When published, this pen-and-ink drawing was used as an illustration to T.T.’s poem ‘The letters’, which describes two separated lovers.
What on earth’s the good of kisses –
Inky kisses in a letter?
Does a cross supply your wishes?
Don’t you wish for something better?
Where on earth’s the satisfaction –
(And enclosed herein I send it)
In the sign without the action?
Really, I can’t comprehend it!
This on earth’s the good of kisses –
Kisses scribbled with a ‘J’ pen.
That I know my darling misses –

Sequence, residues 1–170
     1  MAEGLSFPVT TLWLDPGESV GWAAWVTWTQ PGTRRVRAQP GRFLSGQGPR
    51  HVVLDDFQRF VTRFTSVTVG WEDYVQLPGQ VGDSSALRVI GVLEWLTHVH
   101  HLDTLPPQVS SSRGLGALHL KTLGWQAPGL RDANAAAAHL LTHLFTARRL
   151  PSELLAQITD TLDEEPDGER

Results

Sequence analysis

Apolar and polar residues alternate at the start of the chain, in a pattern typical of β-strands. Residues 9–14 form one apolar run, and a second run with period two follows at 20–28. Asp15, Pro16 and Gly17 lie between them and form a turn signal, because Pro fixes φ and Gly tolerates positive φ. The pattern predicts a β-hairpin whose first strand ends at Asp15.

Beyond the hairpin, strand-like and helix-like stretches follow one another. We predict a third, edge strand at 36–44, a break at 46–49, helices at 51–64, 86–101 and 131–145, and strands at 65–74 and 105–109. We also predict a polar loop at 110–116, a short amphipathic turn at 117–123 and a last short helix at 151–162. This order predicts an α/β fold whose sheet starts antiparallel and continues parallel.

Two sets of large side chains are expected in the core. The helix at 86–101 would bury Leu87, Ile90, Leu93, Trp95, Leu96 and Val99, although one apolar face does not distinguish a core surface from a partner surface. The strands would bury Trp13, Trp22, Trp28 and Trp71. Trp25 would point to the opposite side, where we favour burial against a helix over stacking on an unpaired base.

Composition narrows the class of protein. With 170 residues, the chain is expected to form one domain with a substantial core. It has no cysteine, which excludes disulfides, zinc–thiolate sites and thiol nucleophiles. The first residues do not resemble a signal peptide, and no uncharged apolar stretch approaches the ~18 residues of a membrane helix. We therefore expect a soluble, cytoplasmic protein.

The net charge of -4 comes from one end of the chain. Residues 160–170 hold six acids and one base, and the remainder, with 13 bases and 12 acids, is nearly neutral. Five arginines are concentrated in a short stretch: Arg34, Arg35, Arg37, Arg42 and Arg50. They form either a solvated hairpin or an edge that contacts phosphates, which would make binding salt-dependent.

Misses me a little then!
Here on earth is the attraction –
’Missing kisses, misses me.’
There’s the answer in a fraction
To your question, can’t you see?
Lambert made this drawing in Paris in 1901, but it was not published until some years later, in Sydney. Although it was eventually published in the Lone Hand , an illustrated monthly first issued in July 1907, Lambert was probably commissioned to make the drawing for the Bulletin in 1901, and they would have then passed it on to the Lone Hand . This magazine was created by the Bulletin ’s founder, J.F. Archibald, and also promoted Australian writers and writing.
With its decorative frame, sleeping cupid, and balanced composition, this is a more sophisticated drawing than many of the pen-and-ink illustrations published in the Bulletin , including those by Lambert.